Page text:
With around 300,000 residents, Newham is one of the biggest and most diverse boroughs in London, so it should be no surprise that it’s not new to community engagement. In fact, Newham’s recent leadership has prioritized involving residents and creating a more participatory democracy, including via a dedicated Resident Engagement and Participation team.
Over the last several years, the borough has launched several impressive community engagement initiatives, including the Queen’s Market Good Growth Programme – a £4.1 million project aimed at including residents in urban planning decisions and more recently, community assemblies to identify priorities to address through neighbourhood projects and the first permanent sortition-based citizens assembly in England.
Newham’s process to set up community assemblies
One of the clear benefits of a community assembly is that high participation and localization make for very tangible, and usually highly visible, results. But navigating feedback loops and balancing different neighbourhood needs with borough-wide priorities can be tough. Newham steered this by creating clear phases for their community assembly, balancing working with the entire community and then diving deeper into issues with working groups.
By breaking up their phases and engagement methods, Newham ultimately helped more people feel they were being listened to, thus creating the conditions for more responsive governance.
Addressing diverse community needs with community assembly phases
Newham decided to open the wider community assembly to anyone who lives, works or learns in the borough, and allowed them to come in and out of the assemblies. They also created dedicated working groups, made up of residents, councillors and local stakeholders who could use their local knowledge to oversee the process from start to finish and make sure it is really addressing the needs of the community. Those in the working group were involved in the process from start to finish and helped hold the council accountable.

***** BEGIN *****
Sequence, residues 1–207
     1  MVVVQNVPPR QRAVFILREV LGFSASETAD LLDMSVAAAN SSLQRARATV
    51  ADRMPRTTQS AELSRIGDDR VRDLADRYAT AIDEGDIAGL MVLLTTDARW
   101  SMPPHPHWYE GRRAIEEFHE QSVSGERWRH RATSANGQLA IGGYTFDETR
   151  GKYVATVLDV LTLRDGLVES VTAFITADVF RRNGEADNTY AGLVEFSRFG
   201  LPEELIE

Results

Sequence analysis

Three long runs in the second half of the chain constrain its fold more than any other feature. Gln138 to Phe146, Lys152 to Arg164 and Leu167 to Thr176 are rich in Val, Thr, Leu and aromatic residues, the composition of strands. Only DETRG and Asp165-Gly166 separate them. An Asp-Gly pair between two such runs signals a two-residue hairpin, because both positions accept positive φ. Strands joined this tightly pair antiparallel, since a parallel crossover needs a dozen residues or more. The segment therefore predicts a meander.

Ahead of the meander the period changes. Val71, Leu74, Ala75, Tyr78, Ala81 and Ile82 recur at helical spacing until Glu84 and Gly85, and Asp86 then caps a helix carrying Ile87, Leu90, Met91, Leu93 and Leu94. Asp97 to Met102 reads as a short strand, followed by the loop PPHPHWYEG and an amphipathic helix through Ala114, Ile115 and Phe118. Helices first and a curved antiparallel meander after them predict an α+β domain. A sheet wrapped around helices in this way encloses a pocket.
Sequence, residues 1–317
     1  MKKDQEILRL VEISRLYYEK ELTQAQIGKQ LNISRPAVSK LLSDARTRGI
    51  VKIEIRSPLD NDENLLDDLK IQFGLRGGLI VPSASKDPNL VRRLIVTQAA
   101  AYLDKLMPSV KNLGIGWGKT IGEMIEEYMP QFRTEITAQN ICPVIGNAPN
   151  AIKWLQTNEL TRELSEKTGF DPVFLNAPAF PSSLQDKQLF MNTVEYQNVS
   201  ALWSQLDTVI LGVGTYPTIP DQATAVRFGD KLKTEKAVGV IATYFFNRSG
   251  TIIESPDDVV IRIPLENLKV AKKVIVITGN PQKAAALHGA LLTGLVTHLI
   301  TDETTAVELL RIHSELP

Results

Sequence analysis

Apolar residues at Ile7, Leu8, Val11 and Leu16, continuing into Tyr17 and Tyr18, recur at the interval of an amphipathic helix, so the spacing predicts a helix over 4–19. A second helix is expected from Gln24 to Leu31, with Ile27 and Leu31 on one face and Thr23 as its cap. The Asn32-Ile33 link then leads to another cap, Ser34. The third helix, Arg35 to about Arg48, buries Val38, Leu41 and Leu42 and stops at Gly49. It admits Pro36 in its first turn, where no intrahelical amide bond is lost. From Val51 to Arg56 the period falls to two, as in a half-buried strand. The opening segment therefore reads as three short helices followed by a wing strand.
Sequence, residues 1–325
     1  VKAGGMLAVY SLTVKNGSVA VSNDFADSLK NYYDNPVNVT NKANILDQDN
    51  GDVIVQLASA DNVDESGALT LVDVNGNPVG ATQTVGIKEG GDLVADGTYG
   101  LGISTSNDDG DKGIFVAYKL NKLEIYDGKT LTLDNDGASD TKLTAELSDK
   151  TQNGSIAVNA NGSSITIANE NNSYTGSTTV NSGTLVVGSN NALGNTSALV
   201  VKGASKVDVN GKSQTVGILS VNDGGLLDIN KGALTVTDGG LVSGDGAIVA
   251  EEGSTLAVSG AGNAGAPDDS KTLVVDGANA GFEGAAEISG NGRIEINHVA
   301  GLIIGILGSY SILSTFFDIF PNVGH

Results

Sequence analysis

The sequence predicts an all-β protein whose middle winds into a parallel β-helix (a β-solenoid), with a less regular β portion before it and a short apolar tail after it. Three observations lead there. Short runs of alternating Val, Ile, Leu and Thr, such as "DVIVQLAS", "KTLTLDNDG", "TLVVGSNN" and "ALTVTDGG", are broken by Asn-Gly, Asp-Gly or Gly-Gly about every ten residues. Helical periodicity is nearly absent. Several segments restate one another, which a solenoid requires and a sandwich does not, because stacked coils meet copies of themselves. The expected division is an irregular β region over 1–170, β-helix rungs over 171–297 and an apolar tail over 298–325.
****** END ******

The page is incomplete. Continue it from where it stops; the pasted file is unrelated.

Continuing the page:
This approach helped the council get the larger community’s broad input into values and priorities to tackle, while the working groups (which meet at least once a month) could then look at the finer details of those suggestions and report back to everyone. Whereas it would have been quite difficult to engage the entire group on all the details in a short time and retain attention, this approach was more participatory, inclusive, and responsive.
Process for setting up a community assembly
In the first round of Newham’s community assemblies, working groups co-produced projects with Community Neighbourhood managers from the council. In the second round, working groups monitored projects put forward by the community and played an oversight role to ensure that what was put forward to the council was in line with what the community was voicing.
When Newham first launched the current cycle of its community assembly initiative, they opened the consultation to all residents and invited them to submit ideas for key priorities they believed the council should work on for their respective neighbourhoods. As you might imagine, this resulted in a lot of public input and feedback, which the working group helped summarize by reviewing the data and drilling it all down into 10 options.
This shortlist was then presented back to all residents for a vote. In the end, the most popular options focused on: parks and green spaces, community safety, youth activities, and cleaning and brightening up the streets. Since the priorities were voted on, working groups have been collaborating with the borough to design concrete solutions to tackle the top three priority areas each neighbourhood identified.
Public budgets and community assemblies